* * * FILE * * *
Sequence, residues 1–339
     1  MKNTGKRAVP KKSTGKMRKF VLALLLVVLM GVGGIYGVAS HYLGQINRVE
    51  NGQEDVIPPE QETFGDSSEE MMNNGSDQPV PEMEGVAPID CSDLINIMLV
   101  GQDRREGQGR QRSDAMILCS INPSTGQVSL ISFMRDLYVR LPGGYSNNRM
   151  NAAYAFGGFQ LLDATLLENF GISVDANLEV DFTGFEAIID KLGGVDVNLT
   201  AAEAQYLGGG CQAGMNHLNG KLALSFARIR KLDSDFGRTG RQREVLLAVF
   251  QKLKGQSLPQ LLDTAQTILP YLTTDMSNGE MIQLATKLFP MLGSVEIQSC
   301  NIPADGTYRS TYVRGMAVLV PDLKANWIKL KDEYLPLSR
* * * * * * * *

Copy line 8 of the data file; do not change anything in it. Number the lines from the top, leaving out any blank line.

   301  NIPADGTYRS TYVRGMAVLV PDLKANWIKL KDEYLPLSR